The quake in Japan shaved about one-millionth of second off our day and tilted the planet's axis by several inches.
The massive earthquake that hit Japan sped up Earth's spin by a microsecond and tilted the axis by several inches.
The shift happened when massive amounts of the planet's crust tumbled inside a 250-mile long crack that opened up six miles beneath the Pacific Ocean.
Changes in Earth's tilt are associated with ice ages.
This weekend, it wasn't just the shift to Daylight Saving Time that reset our clocks. Mother Nature tweaked time by speeding up Earth's spin a bit in response to the killer earthquake that rocked Japan on Friday.
"There was a redistribution of an enormous amount of the Earth's crust," theoretical physicist Michio Kaku, with the City College of New York, told Discovery News. "It actually shortened the time of the day, and also shifted the axis of the Earth."
The 8.9-magnitude quake -- the fifth largest in recorded history -- shaved about one-millionth of second off our day and tilted the planet's axis by several inches.
Kaku says the phenomenon is similar to what happens when a dancer folds in his or her arms and speeds up in a spin.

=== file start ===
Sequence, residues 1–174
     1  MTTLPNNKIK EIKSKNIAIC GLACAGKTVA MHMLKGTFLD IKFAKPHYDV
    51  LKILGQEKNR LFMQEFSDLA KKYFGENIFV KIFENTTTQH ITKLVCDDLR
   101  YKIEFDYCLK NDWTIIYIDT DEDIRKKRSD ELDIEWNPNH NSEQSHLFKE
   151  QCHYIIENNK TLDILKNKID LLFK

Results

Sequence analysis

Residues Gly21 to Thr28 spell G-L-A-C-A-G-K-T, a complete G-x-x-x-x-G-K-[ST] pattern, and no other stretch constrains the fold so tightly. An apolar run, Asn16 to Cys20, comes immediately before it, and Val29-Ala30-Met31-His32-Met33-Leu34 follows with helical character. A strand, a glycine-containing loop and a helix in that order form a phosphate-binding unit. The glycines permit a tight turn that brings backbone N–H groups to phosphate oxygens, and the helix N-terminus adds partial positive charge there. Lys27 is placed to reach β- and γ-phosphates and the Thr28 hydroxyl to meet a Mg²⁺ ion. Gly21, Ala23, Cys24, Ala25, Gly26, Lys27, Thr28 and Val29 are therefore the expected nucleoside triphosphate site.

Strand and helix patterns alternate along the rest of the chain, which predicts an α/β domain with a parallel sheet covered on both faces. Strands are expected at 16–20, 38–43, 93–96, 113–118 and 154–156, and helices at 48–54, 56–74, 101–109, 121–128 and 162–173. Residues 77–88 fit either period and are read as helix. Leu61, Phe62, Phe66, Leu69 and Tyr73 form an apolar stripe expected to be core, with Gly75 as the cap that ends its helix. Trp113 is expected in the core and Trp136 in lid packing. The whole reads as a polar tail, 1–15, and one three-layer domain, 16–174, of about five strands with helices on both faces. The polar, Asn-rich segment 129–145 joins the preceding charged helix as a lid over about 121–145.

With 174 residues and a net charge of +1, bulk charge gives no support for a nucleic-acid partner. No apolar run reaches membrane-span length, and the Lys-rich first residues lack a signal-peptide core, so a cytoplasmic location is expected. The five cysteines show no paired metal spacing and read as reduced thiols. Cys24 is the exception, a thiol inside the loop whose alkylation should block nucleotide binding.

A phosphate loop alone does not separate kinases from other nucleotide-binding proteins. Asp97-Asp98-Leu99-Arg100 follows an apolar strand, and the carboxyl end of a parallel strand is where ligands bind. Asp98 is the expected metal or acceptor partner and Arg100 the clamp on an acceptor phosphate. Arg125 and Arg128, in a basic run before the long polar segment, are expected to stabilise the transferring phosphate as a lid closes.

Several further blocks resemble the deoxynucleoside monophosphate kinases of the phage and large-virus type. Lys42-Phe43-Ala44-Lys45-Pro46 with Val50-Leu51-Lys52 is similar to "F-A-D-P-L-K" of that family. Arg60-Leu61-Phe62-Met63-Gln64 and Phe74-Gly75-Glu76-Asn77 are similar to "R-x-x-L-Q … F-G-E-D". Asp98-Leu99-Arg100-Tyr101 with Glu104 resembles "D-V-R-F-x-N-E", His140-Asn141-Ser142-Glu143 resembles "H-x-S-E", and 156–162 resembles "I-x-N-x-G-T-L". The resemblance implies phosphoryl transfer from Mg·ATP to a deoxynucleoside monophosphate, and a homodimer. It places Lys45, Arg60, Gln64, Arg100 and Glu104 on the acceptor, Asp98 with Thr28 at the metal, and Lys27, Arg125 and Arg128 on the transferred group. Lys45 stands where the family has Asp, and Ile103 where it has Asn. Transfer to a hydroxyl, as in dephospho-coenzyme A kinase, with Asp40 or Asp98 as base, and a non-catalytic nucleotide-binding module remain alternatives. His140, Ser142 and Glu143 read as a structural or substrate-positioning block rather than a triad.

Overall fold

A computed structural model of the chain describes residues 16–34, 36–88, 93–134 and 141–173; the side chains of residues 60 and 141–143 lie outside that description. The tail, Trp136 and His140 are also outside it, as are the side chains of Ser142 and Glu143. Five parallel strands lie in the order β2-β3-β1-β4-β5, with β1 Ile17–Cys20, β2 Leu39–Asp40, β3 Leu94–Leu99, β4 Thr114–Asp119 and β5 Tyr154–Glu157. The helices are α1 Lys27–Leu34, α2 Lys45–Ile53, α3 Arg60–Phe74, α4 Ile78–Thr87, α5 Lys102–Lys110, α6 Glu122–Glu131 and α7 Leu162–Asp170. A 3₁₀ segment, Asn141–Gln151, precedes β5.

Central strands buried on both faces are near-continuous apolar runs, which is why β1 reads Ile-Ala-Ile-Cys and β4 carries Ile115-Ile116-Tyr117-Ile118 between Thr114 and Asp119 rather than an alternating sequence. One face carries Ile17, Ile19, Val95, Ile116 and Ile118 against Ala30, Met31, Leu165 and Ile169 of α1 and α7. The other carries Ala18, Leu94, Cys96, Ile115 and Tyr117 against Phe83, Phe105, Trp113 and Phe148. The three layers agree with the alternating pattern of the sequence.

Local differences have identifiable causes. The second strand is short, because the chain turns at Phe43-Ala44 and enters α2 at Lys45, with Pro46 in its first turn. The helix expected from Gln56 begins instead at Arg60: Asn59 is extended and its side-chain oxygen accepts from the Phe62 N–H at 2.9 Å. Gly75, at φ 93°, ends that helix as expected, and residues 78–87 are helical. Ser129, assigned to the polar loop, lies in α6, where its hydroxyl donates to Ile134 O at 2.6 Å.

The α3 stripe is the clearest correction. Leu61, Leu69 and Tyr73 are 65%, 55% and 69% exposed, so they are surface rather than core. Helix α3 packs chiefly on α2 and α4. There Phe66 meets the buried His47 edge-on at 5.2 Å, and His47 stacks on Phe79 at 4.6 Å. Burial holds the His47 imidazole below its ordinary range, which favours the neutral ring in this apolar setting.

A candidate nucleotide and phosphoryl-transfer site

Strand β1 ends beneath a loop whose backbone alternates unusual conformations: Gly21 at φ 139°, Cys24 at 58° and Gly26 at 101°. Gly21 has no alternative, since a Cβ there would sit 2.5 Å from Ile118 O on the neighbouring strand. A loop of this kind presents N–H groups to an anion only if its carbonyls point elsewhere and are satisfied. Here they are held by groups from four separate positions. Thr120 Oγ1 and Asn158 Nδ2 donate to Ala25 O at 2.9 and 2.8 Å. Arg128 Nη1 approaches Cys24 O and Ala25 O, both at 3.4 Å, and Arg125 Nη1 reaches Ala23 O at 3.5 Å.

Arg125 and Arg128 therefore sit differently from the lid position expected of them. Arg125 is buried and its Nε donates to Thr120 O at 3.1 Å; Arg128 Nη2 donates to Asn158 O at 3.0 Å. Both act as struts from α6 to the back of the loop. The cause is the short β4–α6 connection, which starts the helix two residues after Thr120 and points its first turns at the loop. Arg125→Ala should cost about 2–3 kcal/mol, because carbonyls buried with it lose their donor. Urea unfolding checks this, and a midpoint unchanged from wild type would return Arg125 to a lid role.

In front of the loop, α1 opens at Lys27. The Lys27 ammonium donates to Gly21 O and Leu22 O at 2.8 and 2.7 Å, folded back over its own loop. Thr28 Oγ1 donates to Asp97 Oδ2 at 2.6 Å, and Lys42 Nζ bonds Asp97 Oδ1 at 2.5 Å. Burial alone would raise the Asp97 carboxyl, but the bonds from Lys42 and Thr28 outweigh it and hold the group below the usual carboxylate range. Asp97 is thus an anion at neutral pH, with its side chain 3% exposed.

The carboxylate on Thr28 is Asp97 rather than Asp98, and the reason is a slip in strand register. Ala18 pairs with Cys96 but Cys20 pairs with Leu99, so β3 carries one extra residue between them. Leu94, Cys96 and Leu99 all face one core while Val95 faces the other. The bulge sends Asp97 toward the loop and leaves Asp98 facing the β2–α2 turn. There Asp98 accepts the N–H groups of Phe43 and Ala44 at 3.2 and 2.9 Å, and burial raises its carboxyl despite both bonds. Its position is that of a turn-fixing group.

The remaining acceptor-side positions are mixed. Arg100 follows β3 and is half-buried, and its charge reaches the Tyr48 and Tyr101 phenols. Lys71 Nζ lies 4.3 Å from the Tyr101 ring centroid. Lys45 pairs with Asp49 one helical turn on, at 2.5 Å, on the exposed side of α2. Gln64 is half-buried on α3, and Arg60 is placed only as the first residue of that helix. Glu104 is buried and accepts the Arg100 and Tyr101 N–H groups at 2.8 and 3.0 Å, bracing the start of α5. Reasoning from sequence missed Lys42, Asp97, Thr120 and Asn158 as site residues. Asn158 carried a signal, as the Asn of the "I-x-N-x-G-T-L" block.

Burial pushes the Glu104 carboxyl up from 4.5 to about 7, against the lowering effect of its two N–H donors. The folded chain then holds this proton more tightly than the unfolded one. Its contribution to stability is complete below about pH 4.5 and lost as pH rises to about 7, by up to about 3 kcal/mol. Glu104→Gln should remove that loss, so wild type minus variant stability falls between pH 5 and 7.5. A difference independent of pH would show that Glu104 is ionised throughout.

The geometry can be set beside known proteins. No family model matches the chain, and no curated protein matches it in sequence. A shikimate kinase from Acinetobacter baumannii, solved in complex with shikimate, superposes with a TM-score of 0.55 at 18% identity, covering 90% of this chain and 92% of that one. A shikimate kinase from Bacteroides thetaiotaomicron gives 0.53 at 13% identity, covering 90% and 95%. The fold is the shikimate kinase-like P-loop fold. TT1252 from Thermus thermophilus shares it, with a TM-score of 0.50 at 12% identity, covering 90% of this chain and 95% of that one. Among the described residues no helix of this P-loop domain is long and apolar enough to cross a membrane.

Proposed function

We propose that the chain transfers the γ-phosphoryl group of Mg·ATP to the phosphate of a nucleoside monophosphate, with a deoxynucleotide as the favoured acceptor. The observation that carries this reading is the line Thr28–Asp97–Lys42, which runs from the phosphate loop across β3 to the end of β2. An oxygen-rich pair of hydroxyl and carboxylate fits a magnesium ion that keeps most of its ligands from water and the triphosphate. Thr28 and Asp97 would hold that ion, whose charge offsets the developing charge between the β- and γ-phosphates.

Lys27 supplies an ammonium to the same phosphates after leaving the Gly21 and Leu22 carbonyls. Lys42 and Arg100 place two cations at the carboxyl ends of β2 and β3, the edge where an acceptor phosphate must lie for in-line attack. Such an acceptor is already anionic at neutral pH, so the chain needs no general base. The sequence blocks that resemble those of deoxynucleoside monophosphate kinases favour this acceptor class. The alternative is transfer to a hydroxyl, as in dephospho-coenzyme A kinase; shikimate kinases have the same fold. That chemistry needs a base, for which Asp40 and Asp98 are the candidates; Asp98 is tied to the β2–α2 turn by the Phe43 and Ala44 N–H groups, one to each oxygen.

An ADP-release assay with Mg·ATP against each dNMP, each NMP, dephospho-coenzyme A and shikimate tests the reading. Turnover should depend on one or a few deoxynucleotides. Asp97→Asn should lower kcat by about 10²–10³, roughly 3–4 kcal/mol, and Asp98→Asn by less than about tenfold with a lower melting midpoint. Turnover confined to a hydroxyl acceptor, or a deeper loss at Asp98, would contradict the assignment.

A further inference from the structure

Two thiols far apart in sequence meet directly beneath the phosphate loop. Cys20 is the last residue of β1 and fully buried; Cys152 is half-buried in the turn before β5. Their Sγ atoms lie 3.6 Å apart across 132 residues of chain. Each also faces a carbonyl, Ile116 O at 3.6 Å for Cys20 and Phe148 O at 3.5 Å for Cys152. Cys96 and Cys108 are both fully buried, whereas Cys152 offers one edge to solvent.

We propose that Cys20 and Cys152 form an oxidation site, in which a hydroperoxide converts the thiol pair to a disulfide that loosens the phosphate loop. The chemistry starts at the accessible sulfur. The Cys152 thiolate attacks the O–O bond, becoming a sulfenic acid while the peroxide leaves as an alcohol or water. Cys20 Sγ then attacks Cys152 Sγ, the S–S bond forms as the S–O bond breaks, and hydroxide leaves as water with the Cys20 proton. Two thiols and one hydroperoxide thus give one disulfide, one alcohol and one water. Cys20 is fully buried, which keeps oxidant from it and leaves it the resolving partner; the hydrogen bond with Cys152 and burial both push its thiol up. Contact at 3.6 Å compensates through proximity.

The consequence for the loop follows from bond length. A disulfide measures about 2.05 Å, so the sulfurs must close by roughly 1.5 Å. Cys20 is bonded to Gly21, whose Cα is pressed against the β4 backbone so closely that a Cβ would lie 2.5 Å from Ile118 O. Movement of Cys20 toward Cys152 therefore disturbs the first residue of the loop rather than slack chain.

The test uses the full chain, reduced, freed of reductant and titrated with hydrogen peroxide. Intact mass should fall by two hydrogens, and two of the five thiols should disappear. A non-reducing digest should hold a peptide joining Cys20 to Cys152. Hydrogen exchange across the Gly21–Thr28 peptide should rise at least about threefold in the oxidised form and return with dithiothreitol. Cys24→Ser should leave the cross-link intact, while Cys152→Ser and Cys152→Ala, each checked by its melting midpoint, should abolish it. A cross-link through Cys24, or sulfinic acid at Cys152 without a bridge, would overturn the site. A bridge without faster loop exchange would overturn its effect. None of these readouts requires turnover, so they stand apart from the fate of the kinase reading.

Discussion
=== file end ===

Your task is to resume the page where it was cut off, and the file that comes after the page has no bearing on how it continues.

The shifting of tectonic plates beneath the Pacific Ocean opened up a crack about 250 miles long, causing a good portion of Earth's crust to tumble inside.
"We know how much the Earth contracted as a consequence of that, then you do the math," Kaku said.
While the speeding up of Earth isn't expected to have any immediate or long term impacts, the tilt of the axis might.
"There is still a scientific debate as to what causes ice ages," Kaku said. "The leading theory is that there are tiny perturbations in the axis of the Earth as it turns around the sun that accumulate with time. These small shifts, this wobbling of the axis of the Earth may in fact cause ice ages."
"Every century, we have several of these monster earthquakes so it's hard to estimate exactly how much of an impact this earthquake would have on an ice age, for example," Kaku added.
The earthquake was the most powerful to hit Japan since official record-keeping began in late 1800s, says the U.S. Geological Survey.
It struck about 80 miles off Japan's east coast, roughly 240 miles northeast of Tokyo, at a depth of six miles. The death toll from the earthquake, a massive tsunami that followed, and an ongoing series of aftershocks is expected to reach in the thousands.